Q: With a possibility of new tariffs on Irish products in a post-Brexit U.K., do you see the need to develop trade with the rest of the world?
A: The EU is the largest trading partner with Ireland, and in the past, the U.K. was our largest trading partner, but since we joined the EU in 1973, we have diversified a lot. But, yes, it does highlight the fact that a dependence on one country when you’re an international trading nation is not good.
I think it’s very healthy that Ireland and Japan dialogue more with each other because it seems to me we have a lot of areas of mutual interest, such as financial services, but also pharmaceuticals, also internet, the internet of things. We’re a small economy, obviously, but there are some areas where we have excellent research and development and where we think partnering with a country like Japan is to our mutual benefit.
Tax system needs global solutions
Q: How do you see the global race to lower corporate tax rates?
A: It’s entirely possible that the international environment on corporate tax will become more competitive. But many international companies will still need a European base to access the market of 500 million people that the EU represents.
While we do have a low tax rate of 12.5 percent, we provide the infrastructure, the support, the innovation that are essential for businesses to succeed. We have a strong pool of highly skilled multilingual workers in the only English-speaking member of the eurozone, possibly soon the EU. With 40 percent of our population under 29, we have the youngest population in Europe, and our education system ranks in the top 10 in the world.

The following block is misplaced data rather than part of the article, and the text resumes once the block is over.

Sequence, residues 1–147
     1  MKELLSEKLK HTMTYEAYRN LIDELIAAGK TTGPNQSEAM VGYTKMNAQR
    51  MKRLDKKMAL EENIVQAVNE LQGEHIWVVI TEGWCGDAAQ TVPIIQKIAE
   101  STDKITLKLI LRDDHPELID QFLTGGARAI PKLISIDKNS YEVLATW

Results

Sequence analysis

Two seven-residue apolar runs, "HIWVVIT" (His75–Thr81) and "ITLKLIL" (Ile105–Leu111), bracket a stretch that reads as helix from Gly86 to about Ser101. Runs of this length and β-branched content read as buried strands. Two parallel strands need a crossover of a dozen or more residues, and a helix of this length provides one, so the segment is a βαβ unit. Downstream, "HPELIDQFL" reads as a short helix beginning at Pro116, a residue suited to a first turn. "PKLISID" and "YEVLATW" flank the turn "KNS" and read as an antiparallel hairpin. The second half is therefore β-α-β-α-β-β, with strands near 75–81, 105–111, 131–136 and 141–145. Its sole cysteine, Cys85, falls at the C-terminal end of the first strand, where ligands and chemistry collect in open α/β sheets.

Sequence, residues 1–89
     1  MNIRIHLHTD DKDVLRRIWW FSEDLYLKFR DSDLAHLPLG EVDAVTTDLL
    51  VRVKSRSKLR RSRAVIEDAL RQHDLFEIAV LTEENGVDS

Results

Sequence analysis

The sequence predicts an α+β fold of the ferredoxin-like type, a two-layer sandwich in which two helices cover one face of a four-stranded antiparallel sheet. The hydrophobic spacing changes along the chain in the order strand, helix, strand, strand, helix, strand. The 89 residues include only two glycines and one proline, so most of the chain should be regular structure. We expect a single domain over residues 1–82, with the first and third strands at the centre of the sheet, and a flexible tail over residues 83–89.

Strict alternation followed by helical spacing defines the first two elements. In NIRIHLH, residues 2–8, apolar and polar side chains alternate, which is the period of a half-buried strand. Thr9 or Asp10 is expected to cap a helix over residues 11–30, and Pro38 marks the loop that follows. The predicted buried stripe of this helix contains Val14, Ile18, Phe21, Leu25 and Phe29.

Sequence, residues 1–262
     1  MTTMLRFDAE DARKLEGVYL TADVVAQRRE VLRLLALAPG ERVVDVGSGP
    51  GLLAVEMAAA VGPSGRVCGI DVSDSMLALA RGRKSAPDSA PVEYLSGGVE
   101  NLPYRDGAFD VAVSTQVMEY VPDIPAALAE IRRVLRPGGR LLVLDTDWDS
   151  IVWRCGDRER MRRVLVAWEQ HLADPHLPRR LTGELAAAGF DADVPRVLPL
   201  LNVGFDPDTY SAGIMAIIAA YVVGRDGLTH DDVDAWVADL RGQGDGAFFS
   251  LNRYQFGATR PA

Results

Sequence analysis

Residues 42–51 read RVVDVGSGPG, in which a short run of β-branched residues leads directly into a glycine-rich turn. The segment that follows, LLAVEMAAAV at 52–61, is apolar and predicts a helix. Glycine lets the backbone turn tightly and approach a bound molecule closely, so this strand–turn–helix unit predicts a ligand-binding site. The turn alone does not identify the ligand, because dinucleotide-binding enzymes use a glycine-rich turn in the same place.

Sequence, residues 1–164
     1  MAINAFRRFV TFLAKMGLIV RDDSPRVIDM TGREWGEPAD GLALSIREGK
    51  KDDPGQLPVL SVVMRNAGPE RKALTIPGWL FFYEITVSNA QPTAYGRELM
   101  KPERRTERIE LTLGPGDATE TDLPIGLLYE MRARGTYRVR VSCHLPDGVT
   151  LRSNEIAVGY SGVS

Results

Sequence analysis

On top of that, we’ve maintained our position as the best country in the eurozone for doing business in Forbes magazine for 2016, and we come in overall fourth in the world. Because of all these reasons, we have nine of the top 10 global software companies and nine of the top 10 global pharmaceutical firms in Ireland.
Q: How do you respond to the view that Ireland assisted tax evasion?
A: It’s certainly a reputational issue. But first of all I should say that the Irish government does not accept the European Commission’s ruling on the Apple case and is currently appealing that decision to the European Court of Justice. We have an open and transparent tax regime and we do not make special deals with individual companies. That’s the bottom line. We believe we have a very strong case to make before the court and that we will win this case.
The aggressive tax planning by multinational companies is a global problem requiring global solutions and we’re working hard to address those issues. We brought in domestic legislation in 2014, which has had a real impact and made changes to our corporate tax residents rules to combat so-called stateless companies, and then to end the so-called double Irish tax structure. But whatever we do will not bring an end to aggressive international tax planning and for that we need the OECD countries, or world, all countries to continue to work to find global solutions to this global issue.
Moves toward gender equality
Q: How does Ireland view the global trend of growing populism and protectionism?